The ocean's powerful winds make the coast an ideal location for a wind turbine. Ironically, it's that ocean air that presents a challenge to any turbine on or near the sea. The moist, salty air combined with a turbine's metallic materials can result in corrosion, a destructive process able to bring any power-generating source to a halt.

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The University of Delaware and the Delaware Department of Natural Resources and Environmental Control (DNREC) have created a new avenue to connect science with resource management by launching a series of workshops where environmental academicians and regulators can share current research and discuss research needs.

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Rajendra Pachauri, chair of the Intergovernmental Panel on Climate Change (IPCC), will be the featured speaker in the DENIN Dialogue Series at 7 p.m., Tuesday, April 6, in Clayton Hall.

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The University of Delaware Sustainability Task Force is seeking two undergraduate students and two graduate students to join the task force co-chairs -- John Madsen and Kathleen Kerr -- at the ACPA Sustainability Institute in Boulder, Colo.

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Creating environmentally friendly high technology jobs for Delawareans was the focus of the "Creating the Clean Energy Economy" conference, held Monday and Tuesday, Dec. 13-14, at the University of Delaware's Clayton Hall.

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Energy

Energy usage in the First State

The Delaware Department of Natural Resources is looking for input to develop Delaware's New 5-Year Energy Plan. Please take the following survey regarding important Energy Issues facing Delaware to let the department know what is important to you. Input is needed on what Energy Issues should be studied to provide a path forward for Delaware's Energy Future. Take the Delaware Energy Survey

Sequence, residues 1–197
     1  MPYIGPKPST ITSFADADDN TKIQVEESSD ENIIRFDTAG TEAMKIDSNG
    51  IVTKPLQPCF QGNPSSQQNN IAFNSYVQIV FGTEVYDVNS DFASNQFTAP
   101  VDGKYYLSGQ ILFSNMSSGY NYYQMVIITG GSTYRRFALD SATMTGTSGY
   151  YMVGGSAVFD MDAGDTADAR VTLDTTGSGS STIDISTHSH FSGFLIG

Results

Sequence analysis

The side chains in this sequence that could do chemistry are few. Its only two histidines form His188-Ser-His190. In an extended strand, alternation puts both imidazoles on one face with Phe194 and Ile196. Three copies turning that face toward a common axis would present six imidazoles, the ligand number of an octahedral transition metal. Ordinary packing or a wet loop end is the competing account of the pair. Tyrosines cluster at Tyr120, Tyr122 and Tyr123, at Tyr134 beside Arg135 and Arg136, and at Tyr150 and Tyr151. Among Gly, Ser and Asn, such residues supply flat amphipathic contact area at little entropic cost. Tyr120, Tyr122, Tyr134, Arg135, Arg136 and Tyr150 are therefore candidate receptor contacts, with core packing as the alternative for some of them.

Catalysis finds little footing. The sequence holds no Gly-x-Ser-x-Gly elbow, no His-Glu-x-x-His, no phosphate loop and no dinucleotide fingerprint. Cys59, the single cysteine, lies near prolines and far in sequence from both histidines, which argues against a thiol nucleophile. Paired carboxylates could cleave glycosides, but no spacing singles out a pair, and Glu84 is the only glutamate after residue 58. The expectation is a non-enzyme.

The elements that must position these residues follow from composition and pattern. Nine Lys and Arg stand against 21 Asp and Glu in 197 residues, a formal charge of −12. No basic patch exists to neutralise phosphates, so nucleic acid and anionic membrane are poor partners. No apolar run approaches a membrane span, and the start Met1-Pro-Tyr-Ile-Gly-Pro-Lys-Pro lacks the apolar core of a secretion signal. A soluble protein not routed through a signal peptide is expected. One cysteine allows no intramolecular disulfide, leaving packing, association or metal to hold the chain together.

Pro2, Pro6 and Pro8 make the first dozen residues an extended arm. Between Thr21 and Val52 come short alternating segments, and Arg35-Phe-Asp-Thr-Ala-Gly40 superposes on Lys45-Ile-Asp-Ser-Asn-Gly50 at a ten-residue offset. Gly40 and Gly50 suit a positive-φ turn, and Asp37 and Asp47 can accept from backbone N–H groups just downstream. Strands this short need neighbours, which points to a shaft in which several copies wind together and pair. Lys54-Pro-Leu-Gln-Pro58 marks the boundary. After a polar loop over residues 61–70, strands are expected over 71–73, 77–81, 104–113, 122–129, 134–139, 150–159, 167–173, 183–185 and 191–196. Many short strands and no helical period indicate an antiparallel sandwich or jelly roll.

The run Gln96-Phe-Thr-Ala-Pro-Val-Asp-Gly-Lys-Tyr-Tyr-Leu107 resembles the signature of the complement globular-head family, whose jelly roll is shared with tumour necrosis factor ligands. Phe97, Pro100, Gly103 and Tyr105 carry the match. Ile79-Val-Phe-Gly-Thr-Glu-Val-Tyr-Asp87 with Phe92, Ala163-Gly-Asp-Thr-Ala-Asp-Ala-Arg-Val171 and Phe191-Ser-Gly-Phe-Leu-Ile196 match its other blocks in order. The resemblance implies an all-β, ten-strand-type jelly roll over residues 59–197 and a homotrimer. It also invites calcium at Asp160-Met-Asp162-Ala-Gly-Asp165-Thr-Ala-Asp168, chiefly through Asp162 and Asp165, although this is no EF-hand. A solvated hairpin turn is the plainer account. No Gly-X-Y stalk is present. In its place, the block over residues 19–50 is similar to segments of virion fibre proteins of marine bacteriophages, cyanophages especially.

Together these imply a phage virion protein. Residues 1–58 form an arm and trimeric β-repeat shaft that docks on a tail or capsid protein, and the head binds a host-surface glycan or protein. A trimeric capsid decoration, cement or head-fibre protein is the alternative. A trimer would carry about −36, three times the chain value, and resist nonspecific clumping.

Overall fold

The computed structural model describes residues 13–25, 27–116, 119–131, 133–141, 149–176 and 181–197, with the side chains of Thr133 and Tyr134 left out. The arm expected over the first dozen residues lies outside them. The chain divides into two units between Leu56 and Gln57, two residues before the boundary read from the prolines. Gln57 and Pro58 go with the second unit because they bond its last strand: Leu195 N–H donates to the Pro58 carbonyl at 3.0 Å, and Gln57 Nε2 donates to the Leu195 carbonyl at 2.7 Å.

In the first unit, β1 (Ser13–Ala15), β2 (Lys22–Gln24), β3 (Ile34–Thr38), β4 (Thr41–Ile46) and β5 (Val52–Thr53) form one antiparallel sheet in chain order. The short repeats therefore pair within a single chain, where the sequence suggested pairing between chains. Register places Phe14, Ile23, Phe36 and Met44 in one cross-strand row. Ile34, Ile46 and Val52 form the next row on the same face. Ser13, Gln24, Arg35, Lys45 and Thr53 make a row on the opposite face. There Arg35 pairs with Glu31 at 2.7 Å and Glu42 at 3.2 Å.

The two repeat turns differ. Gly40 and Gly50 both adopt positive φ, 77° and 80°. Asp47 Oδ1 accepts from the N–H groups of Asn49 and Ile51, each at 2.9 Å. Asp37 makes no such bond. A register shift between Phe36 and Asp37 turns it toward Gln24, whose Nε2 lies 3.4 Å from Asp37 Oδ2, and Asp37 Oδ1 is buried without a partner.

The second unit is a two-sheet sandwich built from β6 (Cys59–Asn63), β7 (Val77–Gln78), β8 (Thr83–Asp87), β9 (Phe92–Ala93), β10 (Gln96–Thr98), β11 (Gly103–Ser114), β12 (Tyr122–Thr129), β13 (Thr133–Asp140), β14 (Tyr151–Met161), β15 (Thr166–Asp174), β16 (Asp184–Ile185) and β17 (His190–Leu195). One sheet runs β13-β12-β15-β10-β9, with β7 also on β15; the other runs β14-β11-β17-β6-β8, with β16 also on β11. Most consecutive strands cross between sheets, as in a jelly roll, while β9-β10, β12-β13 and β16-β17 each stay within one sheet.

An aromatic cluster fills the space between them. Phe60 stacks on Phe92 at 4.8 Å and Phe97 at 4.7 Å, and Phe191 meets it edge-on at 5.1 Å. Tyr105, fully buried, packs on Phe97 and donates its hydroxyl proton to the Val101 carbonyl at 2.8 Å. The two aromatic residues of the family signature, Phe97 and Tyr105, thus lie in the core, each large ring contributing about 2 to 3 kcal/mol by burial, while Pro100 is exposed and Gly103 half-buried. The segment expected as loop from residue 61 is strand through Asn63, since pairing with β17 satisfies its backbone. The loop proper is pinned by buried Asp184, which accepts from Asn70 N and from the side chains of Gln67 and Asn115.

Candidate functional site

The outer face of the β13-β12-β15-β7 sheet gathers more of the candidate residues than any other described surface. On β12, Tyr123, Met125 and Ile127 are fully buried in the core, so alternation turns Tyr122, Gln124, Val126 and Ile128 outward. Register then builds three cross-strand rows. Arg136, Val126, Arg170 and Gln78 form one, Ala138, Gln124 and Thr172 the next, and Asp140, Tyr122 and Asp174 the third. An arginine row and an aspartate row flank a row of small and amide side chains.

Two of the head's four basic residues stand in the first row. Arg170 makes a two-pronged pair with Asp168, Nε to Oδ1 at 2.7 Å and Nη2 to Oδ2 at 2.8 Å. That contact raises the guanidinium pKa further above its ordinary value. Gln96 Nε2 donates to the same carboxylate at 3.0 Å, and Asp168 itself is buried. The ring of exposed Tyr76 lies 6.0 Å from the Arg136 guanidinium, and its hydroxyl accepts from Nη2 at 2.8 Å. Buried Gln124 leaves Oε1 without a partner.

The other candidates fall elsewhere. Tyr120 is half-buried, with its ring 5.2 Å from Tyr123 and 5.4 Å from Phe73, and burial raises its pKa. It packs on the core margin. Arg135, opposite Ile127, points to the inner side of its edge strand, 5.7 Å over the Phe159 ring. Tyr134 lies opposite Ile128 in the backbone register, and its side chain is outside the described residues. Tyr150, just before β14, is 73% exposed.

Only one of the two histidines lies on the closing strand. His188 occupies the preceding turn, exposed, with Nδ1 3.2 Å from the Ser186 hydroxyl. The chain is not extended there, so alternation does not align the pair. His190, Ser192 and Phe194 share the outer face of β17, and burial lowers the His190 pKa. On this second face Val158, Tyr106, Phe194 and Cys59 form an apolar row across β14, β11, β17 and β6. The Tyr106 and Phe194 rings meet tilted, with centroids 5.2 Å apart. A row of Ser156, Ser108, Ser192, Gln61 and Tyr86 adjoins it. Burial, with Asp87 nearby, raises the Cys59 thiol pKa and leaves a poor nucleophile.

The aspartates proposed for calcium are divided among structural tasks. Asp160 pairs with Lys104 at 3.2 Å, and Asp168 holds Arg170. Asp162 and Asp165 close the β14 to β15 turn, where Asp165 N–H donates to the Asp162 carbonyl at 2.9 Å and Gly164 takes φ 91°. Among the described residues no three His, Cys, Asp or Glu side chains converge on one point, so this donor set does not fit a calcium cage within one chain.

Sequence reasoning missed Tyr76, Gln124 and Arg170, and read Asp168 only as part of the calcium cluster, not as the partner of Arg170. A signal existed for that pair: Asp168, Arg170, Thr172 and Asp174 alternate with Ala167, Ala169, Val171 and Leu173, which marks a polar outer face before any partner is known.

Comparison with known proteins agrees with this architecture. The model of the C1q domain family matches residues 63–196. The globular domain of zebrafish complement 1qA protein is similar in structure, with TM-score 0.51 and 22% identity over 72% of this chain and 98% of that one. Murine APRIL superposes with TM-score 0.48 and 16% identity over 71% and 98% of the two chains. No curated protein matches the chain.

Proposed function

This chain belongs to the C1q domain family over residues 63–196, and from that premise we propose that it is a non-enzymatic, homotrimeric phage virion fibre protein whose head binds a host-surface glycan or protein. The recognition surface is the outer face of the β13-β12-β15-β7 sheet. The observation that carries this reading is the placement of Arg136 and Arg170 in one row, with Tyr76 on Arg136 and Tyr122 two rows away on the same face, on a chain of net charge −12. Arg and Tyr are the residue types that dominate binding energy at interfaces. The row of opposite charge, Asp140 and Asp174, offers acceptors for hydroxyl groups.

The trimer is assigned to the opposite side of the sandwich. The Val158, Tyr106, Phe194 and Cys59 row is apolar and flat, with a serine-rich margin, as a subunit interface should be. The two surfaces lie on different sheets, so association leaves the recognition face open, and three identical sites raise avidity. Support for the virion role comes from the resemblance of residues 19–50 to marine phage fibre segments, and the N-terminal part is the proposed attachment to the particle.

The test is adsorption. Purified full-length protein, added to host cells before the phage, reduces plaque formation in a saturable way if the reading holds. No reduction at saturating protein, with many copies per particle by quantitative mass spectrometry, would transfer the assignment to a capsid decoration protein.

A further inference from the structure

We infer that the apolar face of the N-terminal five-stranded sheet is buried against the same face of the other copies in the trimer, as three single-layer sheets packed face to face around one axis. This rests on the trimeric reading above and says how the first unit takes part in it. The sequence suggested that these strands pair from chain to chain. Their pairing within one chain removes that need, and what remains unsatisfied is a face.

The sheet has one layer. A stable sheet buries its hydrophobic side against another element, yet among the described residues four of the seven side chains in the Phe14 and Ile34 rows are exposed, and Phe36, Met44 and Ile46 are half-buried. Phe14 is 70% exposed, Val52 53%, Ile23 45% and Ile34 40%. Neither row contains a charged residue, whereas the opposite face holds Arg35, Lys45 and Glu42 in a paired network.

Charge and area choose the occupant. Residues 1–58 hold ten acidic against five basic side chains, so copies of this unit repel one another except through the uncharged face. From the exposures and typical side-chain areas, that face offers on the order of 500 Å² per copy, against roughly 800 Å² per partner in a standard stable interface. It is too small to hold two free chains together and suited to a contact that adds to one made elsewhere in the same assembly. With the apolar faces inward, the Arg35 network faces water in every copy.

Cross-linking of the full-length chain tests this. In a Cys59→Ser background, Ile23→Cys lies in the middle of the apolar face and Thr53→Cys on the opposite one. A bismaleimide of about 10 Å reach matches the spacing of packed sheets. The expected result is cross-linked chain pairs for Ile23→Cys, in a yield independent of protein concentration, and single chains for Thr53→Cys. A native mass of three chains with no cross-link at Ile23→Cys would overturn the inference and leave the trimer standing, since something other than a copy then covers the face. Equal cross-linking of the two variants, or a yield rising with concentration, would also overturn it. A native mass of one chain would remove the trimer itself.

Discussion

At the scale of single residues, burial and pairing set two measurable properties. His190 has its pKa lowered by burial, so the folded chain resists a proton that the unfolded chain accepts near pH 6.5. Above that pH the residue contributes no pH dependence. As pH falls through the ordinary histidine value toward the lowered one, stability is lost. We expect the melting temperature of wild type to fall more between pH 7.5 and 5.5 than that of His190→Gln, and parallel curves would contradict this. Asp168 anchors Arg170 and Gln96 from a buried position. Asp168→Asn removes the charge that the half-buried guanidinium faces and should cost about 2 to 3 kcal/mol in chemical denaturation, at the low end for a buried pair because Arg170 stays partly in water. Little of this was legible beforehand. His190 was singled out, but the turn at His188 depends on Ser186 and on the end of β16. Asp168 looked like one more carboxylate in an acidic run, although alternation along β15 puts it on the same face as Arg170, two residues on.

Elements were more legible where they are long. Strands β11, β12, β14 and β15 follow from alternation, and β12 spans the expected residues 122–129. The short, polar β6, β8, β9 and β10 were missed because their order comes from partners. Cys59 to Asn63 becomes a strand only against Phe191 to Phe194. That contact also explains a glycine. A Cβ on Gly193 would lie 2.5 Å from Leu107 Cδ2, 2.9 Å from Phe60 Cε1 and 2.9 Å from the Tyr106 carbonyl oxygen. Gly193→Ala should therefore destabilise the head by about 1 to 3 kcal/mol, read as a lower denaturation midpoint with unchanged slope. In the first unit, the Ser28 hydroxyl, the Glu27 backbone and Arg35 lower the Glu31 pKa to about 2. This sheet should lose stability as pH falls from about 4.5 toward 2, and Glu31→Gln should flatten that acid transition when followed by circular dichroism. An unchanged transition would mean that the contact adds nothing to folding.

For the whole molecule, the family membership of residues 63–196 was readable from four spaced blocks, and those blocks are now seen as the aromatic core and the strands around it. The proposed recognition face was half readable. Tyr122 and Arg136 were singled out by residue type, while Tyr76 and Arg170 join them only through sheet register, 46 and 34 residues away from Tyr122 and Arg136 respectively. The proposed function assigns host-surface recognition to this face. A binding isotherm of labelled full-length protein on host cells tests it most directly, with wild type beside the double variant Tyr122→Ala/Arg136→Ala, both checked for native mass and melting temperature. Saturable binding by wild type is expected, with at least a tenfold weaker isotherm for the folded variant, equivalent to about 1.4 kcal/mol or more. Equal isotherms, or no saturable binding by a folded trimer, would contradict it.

Extensive information about energy usage in the First State can be found at the Delaware Energy Office web site: www.energy.dnrec.delaware.gov/

The U.S. Department of Energy recommends that you save energy through the following means:

  • Set your thermostat comfortably low in the winter and comfortably high in the summer. Install a programmable thermostat that is compatible with your heating and cooling system.
  • Use compact fluorescent light bulbs.
  • Air dry dishes instead of using your dishwasher's drying cycle.
  • Turn off your computer and monitor when not in use.
  • Plug home electronics, such as TVs and DVD players, into power strips;turn the power strips off when the equipment is not in use (TVs and DVDs in standby mode still use several watts of power).
  • Lower the thermostat on your hot water heater to 120° F.
  • Take short showers instead of baths.
  • Wash only full loads of dishes and clothes.
  • Drive sensibly. Aggressive driving (speeding, rapid acceleration and braking) wastes gasoline.
  • Look for the ENERGY STAR® label on home appliances and products. ENERGY STAR® products meet strict efficiency guidelines set by the U.S. Environmental Protection Agency and the U.S. Department of Energy.